• Identification of contingent facilities. Transmission providers must publish their methods of identifying contingent facilities. Upon customer’s request, transmission providers must also provide estimated network upgrade costs and estimated in-service dates for these facilities if the information is “readily available.” The term is defined:

Contingent Facilities shall mean those unbuilt interconnection facilities and network upgrades upon which the interconnection request’s costs, timing, and study findings are dependent, and if delayed or not built, could cause a need for restudies of the interconnection request or a reassessment of the interconnection facilities and/or network upgrades and/or costs and timing.

  • Provision of base-case data. The Commission adopted its proposal to require transmission providers to list all network models and underlying assumptions used for interconnection studies on either its OASIS site or other password-protected location. The goal here is to increase transparency while allowing interconnection customers to make better-informed decisions, and holding transmission providers accountable as to the network models and assumptions they use to assess interconnection requests.
  • Study deadlines. The Commission continues to require “reasonable efforts” to complete interconnection studies in a timely manner, and did not impose specific timelines. However, the Commission does require transmission providers to post metrics on their interconnection study completion timeframes.

The following proposals from the Notice of Proposed Rulemaking were not adopted:

  • Rejected proposed requirement that transmission providers which perform cluster studies must perform restudies on a set, periodic time frame.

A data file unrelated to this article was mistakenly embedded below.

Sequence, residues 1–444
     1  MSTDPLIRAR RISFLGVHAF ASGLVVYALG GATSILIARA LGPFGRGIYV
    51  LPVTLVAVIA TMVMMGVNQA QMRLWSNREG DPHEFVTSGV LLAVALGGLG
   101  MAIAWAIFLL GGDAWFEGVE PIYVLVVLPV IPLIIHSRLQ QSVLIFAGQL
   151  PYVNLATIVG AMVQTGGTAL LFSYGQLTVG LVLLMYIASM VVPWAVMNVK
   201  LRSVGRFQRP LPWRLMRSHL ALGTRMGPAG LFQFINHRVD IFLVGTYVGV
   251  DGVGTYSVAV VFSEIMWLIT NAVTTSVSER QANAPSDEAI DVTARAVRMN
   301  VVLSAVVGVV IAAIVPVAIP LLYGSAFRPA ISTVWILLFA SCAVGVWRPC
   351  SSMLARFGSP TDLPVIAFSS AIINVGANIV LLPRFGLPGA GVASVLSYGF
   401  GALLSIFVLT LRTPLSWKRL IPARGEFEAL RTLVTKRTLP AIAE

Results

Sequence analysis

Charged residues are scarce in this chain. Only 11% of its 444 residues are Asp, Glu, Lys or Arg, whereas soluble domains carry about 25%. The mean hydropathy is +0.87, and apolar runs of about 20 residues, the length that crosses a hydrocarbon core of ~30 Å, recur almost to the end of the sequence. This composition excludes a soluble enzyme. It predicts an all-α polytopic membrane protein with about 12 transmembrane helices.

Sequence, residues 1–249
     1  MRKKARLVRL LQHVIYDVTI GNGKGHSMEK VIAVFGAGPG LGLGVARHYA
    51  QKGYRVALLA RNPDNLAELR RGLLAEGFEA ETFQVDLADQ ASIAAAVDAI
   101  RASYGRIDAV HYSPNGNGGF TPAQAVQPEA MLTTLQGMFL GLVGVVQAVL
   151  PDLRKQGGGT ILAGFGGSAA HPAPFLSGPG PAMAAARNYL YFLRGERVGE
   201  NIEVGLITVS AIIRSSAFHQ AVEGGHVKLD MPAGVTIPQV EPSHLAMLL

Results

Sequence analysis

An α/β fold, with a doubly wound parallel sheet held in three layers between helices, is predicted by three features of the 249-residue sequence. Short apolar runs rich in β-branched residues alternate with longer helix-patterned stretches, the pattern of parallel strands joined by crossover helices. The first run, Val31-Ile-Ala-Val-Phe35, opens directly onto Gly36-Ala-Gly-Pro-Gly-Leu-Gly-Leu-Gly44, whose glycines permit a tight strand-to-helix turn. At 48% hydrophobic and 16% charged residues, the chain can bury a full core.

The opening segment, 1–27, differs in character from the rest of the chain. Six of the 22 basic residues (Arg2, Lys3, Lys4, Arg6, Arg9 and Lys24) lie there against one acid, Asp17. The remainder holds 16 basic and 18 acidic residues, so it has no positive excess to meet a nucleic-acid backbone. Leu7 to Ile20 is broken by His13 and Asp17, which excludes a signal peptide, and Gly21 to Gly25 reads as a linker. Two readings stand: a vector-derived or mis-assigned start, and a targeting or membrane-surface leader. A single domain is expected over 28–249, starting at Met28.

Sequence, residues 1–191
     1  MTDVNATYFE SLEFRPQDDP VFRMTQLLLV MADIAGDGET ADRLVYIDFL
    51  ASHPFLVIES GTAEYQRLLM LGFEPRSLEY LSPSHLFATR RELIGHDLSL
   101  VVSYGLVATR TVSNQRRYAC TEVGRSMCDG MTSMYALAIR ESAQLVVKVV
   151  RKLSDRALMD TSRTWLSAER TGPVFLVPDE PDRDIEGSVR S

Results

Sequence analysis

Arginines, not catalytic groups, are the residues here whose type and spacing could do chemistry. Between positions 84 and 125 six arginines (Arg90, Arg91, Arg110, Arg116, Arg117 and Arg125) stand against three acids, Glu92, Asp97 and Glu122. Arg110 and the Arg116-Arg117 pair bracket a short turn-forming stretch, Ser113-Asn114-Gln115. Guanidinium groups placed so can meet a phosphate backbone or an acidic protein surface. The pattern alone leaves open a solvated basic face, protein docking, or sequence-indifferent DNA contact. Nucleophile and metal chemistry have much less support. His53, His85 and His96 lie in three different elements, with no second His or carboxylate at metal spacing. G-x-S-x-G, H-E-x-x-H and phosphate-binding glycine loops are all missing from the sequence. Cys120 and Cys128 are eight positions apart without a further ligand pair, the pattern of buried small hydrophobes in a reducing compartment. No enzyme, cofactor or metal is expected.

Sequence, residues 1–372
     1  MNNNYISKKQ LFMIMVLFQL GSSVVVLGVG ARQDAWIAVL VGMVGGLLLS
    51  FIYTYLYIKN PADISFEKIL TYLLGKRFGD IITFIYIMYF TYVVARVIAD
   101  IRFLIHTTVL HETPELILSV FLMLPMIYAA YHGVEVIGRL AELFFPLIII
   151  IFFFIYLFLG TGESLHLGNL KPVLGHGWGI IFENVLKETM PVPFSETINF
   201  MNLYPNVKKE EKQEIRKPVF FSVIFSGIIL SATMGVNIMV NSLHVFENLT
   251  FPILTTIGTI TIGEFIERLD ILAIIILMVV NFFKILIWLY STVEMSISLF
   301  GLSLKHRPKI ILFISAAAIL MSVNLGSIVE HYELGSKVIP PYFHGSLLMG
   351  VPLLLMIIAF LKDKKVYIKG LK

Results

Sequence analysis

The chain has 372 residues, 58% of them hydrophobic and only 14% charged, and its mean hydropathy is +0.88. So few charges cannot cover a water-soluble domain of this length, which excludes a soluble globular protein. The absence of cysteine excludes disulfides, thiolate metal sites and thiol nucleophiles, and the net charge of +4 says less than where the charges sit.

• Declined to adopt the requirement that a transmission provider post certain congestion and curtailment information, as potentially technically infeasible.
  • Withdrew proposal to allow self-funding by transmission provider in light of DC Circuit rejection of a similar proposal in MISO.
  • Declined to adopt cost capping. This was a significant issue with a proposal to “provide for a cost cap that would limit an interconnection customer’s network upgrade costs at the higher bound of a transmission provider’s cost estimate plus a stated accuracy margin following a certain stage in the interconnection study process.” Commission declined to adopt this but noted that a transmission provider may present voluntary cost caps, in response to Duke’s request.

These changes will substantially ease the path to interconnection for new generation and/or storage facilities, by allowing smoother, faster interconnection through the use of existing capacity, provisional interconnection allowing a facility to partially enter into service while the remainder of its interconnection facilities are built and interconnection at a customized, lower capacity allowing for tailoring of needs and costs.